High-density urban life approaches a tautology, and it is one that Glaeser not only observes, but also celebrates. Closely-packed people are more productive. As Alfred Marshall noted in 1920, ‘agglomeration economies’ feed a self-reinforcing process of social compression that systematically out-competes diffuse populations in all fields of industrial activity. In addition, urbanites are also happier, longer-living, and their ecological footprint is smaller, Glaeser insists, drawing upon a variety of social scientific evidence to make his case. Whether social problems are articulated in economic, hedonic, or environmental terms, (dense) urbanism offers the most practical solution.

The conclusion Glaeser draws, logically enough, is that densification should be encouraged, rather than inhibited. He interprets sprawl as a reflection of perverse incentives, whilst systematically contesting the policy choices that restrain the trend to continuous urban compression. His most determined line of argumentation is directed in favor of high-rise development, and against the planning restrictions that keep cities stunted. A city that is prevented from soaring will be over-expensive and under-excited, inflexible, inefficient, dirty, backward-looking, and peripherally sprawl- or slum-cluttered. Onwards and upwards is the way.

Urban planning has its own measure for density: the FAR (or Floor-to-Area Ratio), typically determined as a limit set upon permitted concentration. An FAR of 2, for instance, allows a developer to build a two-story building over an entire area, a four-story building on half the area, or an eight-story building on a quarter of the area. An FAR sets an average ceiling on urban development. It is essentially a bureaucratic device for deliberately stunting vertical growth.

As Glaeser shows, Mumbai’s urban development problems have been all-but-inevitable given the quite ludicrous FAR of 1.33 that was set for India’s commercial capital in 1964. Sprawling slum development has been the entirely predictable outcome.

Whilst sparring with Jane Jacobs over the impact of high-rise construction on urban life, Glaeser is ultimately in agreement on the importance of organic development, based on spontaneous patterns of growth. Both attribute the most ruinous urban problems to policy errors, most obviously the attempt to channel – and in fact deform – the urban process through arrogant bureaucratic fiat. When cities fail to do what comes naturally, they fail, and what comes naturally, Glaeser argues, is densification.

It would be elegant to refer to this deep trend towards social compression, the emergence, growth, and intensification of urban settlement, as urbanization, but we can’t do that. Even when awkwardly named, however, it exposes a profound social and historical reality, with striking implications, amounting almost to a specifically social law of gravitation. As with physical gravity, an understanding of the forces of social attraction support predictions, or at least the broad outlines of futuristic anticipation, since these forces of agglomeration and intensification manifestly shape the future.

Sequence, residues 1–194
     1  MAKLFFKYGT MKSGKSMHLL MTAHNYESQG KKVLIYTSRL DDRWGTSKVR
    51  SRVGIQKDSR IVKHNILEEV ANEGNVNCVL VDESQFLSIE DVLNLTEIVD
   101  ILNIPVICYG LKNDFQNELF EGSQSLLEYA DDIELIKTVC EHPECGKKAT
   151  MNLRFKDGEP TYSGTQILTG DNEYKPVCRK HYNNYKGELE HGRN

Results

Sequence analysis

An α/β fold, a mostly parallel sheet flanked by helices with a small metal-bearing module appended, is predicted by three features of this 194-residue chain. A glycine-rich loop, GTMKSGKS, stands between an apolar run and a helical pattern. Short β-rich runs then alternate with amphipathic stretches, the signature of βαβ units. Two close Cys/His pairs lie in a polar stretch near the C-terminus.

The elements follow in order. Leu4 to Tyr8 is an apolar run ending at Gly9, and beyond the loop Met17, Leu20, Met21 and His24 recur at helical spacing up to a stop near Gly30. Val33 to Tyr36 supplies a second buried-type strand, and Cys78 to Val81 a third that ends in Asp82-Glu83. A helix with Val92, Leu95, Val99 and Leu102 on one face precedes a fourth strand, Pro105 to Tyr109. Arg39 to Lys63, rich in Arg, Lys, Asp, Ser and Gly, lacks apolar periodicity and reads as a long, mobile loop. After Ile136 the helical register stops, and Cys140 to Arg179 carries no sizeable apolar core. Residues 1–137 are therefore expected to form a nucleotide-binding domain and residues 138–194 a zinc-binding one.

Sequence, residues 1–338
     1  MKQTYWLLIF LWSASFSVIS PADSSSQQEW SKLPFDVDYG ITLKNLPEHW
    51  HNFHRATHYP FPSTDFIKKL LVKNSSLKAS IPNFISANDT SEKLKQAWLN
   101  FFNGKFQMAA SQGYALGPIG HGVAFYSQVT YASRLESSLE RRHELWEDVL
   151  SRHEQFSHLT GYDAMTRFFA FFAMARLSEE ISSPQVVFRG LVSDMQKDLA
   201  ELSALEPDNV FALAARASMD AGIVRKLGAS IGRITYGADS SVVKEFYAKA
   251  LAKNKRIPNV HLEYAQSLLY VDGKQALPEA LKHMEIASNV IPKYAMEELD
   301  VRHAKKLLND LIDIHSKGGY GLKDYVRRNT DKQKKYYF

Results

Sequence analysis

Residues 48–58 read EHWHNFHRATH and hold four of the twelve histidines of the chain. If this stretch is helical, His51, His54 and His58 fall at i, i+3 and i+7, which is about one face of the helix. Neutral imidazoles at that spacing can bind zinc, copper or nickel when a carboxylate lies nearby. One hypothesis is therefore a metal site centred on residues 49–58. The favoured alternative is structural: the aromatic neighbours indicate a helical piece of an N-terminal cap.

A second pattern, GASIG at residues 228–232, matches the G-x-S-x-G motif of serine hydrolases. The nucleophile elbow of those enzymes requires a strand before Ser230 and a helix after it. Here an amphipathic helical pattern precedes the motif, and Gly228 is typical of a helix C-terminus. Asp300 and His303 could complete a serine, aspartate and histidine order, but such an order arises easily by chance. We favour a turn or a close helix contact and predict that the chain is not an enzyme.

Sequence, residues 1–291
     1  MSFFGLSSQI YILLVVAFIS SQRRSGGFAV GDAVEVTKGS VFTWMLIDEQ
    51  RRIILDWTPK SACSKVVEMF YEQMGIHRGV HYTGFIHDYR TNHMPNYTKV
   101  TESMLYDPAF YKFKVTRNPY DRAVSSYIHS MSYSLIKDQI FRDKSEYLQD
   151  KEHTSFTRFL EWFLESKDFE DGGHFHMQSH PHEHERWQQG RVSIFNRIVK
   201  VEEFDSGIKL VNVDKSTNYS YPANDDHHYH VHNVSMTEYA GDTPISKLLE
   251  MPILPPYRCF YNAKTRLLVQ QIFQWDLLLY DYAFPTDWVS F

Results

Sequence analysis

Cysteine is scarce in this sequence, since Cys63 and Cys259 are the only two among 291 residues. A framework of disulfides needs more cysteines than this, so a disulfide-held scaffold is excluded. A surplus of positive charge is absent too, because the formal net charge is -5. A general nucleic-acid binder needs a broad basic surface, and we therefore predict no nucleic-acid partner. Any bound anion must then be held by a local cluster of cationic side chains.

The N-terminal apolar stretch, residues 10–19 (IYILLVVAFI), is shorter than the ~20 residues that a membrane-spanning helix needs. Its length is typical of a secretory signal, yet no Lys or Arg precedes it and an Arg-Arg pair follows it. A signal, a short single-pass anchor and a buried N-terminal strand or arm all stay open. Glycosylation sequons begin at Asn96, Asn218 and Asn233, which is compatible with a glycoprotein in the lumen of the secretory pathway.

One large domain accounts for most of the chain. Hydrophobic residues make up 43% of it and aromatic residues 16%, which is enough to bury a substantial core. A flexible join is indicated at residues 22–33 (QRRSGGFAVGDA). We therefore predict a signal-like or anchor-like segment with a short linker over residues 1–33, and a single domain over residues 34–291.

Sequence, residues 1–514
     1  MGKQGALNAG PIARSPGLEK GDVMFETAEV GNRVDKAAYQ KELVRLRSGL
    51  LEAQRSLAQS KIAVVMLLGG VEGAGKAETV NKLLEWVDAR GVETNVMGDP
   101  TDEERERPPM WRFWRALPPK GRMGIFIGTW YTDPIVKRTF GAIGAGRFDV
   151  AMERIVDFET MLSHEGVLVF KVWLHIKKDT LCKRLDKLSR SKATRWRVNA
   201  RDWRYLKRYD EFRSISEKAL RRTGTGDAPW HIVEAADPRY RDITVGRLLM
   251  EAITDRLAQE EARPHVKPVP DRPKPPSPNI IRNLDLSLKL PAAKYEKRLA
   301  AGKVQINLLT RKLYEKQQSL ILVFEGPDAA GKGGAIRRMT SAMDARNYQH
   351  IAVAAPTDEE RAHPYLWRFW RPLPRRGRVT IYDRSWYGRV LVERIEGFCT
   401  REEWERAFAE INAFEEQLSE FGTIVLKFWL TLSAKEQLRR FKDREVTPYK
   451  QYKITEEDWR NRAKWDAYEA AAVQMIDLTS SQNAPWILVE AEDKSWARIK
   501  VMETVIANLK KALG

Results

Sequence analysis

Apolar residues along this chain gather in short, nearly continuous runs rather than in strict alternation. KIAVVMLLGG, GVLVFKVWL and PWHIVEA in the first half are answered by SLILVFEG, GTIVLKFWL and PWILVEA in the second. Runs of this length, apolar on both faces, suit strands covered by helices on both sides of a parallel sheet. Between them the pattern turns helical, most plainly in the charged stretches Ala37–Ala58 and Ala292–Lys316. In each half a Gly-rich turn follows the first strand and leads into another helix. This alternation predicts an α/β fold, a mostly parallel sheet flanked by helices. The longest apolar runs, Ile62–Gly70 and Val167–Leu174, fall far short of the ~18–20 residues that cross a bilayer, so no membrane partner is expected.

John M. Smart makes only passing references to cities, but his Developmental Singularity (DS) hypothesis is especially relevant to urban theory because it focuses upon the topic of density. He argues that acceleration, or time-compression, is only one aspect of a general evolutionary (more precisely, evolutionary-developmental, or ‘evo devo’) trend that envelops space, time, energy, and mass. This ‘STEM-compression’ is identified with ascending intelligence (and negative entropy). It reflects a deep cosmic-historical drive to the augmentation of computational capacity that marries “evolutionary processes that are stochastic, creative, and divergent [with] developmental processes that produce statistically predictable, robust, conservative, and convergent structures and trajectories.”

Smart notes that “the leading edge of structural complexity in our universe has apparently transitioned from universally distributed early matter, to galaxies, to replicating stars within galaxies, to solar systems in galactic habitable zones, to life on special planets in those zones, to higher life within the surface biomass, to cities, and soon, to intelligent technology, which will be a vastly more local subset of Earth’s city space.”

Audaciously, Smart projects this trend to its limit: “Current research (Aaronson 2006, 2008) now suggests that building future computers based on quantum theory, one of the two great theories of 20th century physics, will not yield exponentially, but only quadratically growing computational capacity over today’s classical computing. In the search for truly disruptive future computational capacity emergence, we can therefore look to the second great physical theory of the last century, relativity. If the DS hypothesis is correct, what we can call relativistic computing (a black-hole-approximating computing substrate) will be the final common attractor for all successfully developing universal civilizations.”